I have nothing against your screws...you can screw whatever you like
My Thermalright is screwed onto a back plate
using cork washers and stainless steel screws/nuts from Home Hardware
I am telling you that for OCing that heatsink would not be sufficient...
I use almost silent 120mm Fans that are replaceable.
If you were to do a little research on Various heatsinks you
would find the one you bought to be in the lower 1/4 for cooling efficiency.
Yes it cools better than the OE Cooler that came with the CPU at the CPU's
speed but can it handle the same task when you are OC'ing by 15% 25%
Can it handle the CPU running at 25% OverClock full tilt all nite long???
Cooling the CPU is just one aspect of running cool. Air Movement throughout
the case is important, not impeding the airflow with a messy wiring job is
important, You ran the temp test on your desktop with plenty of room temp
all around now that you have it inside the case...inside an enclosed space
parts producing heat as well....what temp is it running now???
If you find a posting or message from me offensive,inappropriate
or disruptive,please ignore it.
If you dont know how to ignore a posting complain
to me and I will be only too happy to demonstrate :-)
"RickyBobby" <nascar42@newsgroup> wrote in message
> "peter" <peter@newsgroup> wrote in message
>> They discontinued it because it's a crappy heatsink
>> for $29 you got what you paid for.
>> Most aftermarket heatsinks do a better job than the one that
>> comes with the CPU.
> It is back on newegg.com in both 120mm and 92mm sizes. It pulls away heat
> from the CPU like a screeching demon from Hell and the only way it could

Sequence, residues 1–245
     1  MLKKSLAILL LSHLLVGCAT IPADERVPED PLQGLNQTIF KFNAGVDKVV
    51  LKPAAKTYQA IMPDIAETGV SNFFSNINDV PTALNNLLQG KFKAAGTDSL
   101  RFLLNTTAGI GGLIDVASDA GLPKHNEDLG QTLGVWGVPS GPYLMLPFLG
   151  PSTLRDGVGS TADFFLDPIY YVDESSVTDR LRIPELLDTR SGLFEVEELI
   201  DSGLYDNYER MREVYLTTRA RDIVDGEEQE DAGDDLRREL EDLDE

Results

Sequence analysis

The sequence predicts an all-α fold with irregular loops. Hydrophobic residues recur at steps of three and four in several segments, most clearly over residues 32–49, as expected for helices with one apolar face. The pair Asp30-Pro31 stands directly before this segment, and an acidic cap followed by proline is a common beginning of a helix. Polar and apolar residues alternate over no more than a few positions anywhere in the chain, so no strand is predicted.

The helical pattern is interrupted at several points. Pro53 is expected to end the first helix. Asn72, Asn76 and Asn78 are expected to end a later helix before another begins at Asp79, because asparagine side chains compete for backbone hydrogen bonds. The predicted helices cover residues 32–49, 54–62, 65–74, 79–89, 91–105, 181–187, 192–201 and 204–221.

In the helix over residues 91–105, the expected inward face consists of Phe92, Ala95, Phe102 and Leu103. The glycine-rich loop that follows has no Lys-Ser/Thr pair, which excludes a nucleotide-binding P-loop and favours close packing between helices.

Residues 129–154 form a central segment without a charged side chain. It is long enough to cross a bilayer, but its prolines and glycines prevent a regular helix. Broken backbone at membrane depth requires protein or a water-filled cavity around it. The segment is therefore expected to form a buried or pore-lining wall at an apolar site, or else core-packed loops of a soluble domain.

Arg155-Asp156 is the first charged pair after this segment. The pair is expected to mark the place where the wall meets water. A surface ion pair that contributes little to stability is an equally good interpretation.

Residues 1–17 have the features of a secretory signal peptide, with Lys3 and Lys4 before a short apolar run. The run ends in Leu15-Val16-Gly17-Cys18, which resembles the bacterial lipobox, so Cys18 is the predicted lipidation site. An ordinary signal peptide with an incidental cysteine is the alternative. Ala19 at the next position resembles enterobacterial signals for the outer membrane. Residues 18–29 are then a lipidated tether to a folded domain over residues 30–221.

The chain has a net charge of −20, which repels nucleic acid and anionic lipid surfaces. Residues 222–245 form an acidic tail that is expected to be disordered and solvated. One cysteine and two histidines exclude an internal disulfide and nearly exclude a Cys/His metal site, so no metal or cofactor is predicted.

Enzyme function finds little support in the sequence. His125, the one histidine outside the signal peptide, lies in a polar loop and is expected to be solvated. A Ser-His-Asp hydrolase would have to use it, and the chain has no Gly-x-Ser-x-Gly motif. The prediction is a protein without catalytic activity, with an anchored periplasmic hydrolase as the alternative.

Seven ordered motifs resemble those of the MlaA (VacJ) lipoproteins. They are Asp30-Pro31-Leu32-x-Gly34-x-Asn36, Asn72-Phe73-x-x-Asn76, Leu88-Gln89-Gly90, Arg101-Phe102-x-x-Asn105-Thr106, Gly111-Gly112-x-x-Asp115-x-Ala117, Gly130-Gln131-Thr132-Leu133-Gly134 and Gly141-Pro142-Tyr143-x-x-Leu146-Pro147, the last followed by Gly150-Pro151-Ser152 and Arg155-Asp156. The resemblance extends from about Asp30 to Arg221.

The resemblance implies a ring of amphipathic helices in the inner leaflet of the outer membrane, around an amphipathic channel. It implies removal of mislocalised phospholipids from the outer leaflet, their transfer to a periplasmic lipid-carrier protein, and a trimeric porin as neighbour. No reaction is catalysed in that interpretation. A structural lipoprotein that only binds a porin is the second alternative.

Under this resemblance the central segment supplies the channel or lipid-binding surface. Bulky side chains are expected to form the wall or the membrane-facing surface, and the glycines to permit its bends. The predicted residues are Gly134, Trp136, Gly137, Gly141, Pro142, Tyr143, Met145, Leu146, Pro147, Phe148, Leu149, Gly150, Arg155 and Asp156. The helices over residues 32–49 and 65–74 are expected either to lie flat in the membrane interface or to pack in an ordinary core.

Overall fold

> be crappy is if the fan burns out. But unlike those super high zoot
> premium air cooling solutions this one has fan that is easily replaced
> with some toolless wire brackets.
> On the completely other hand a lot of builders will pay 70 dollars for
> some Zalman or Thermaltake with plastic push pins and be just as happy
> with their build as I am with mine.
> There is a thirty dollar solution to a seventy dollar equation.
> Twenty-nine dollars for a no-name and one dollar for machine screws and
> nuts to attach it properly.
> If you are walking along the sidewalk some day, take a look at the
> vehicles parked along the curb. How many do you see with plastic
> fasteners attaching the wheels to the vehicle? Exactly none. That is
> because it is a critical function with no margin for failure. So they use
> threaded steel nuts so there is no failure. As do I.
> I am not on some sort of fanactical crusade against the Intel design
> plastic push pin friction fit but I will say that there is a better way to
> do it. It is cheap and it is easy. That makes it elegant.